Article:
- Classic video on the potential dangers posed by unprotected water heaters. Demonstrates the explosive power of water heaters and the need for temperature & pressure relief valves. This Video is one of Watts instructional videos.
By Shawn Martin
While the “Reduction of Lead in Drinking Water Act” was signed in early 2011, the story on it continues to unfold. The law is set and has not changed, but the U.S. Environmental Protection Agency (EPA) continues to release guidance detailing their interpretations of the law. Most recently, the EPA has released two documents designed to clarify questions on its applicability and implementation and to assist contractors, designers, and inspectors.
A document, “How to Identify Lead-Free Certification Marks for Drinking Water System and Plumbing Materials,” was released by the EPA in September 2013. It provides a user-friendly flow chart describing the decision-making process that should be used to determine whether a product must comply with the law. It also addresses certification marks that may be used to show compliance with the law.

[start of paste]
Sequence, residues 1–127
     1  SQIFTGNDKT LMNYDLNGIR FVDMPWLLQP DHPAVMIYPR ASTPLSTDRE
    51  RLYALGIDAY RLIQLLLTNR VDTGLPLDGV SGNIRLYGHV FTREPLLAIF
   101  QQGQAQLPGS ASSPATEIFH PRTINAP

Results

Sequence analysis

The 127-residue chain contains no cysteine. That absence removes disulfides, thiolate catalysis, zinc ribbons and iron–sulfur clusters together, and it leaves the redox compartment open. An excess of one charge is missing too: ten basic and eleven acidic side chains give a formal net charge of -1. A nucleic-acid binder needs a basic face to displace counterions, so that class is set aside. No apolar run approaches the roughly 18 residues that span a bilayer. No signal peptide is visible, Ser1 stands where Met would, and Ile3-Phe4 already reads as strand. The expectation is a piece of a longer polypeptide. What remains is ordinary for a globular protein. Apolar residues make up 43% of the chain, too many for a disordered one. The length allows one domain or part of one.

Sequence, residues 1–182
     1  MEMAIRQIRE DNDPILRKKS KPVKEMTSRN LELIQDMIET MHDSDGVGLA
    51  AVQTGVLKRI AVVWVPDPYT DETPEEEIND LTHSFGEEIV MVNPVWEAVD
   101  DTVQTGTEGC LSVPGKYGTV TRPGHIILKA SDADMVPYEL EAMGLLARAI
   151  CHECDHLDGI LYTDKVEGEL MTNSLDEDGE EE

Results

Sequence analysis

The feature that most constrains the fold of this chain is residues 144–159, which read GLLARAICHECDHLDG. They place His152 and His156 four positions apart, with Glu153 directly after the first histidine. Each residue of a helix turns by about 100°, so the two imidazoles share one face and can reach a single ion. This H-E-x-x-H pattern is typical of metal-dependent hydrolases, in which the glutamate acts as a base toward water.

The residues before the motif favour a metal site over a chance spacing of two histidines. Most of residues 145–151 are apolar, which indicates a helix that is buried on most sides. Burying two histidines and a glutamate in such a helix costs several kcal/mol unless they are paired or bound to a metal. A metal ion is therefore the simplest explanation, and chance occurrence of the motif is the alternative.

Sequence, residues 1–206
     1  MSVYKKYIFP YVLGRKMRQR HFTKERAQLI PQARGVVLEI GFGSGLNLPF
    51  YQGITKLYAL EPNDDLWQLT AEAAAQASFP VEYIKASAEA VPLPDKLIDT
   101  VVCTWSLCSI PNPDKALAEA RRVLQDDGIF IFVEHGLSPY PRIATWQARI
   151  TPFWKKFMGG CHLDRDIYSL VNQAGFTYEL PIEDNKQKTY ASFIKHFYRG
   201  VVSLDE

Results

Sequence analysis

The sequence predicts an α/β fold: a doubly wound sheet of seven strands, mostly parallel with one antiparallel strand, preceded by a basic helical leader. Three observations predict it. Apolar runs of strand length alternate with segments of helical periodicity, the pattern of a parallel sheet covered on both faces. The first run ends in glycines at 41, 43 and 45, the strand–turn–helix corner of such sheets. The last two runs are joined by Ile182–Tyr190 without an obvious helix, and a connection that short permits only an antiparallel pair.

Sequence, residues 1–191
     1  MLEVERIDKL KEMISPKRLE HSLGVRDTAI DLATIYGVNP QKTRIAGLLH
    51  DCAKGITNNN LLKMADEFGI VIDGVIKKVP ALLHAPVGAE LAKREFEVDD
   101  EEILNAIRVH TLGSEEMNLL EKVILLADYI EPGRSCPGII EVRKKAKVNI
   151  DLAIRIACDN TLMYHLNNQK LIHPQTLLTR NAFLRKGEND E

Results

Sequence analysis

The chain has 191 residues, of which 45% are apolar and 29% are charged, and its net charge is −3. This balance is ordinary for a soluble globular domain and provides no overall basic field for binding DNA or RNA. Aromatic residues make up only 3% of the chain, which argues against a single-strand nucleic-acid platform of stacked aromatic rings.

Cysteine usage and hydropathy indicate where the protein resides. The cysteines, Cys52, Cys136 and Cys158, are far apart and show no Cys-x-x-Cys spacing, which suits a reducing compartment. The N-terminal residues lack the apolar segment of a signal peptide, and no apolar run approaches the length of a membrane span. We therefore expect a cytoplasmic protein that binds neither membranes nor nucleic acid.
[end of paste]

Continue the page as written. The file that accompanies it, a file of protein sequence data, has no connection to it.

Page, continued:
Many examples of marks used by third-party certification agencies, such as ICC-ES, NSF, and CSA, are provided in the document, along with explanations on their use. But, the document also clarifies the fact that third-party certification of a product is not required, nor is there a single, uniform mark showing compliance. The document is available on the EPA website as a PDF download.
A second, more technical document, “Summary Of The Reduction Of Lead In Drinking Water Act And Frequently Asked Questions,” was released by the EPA in October 2013. This document followed a draft frequently asked questions (FAQ) document released in May 2013. The EPA sought comments on that draft through June 2013, and many individuals and organizations responded. The final version contains a number of revisions as a result.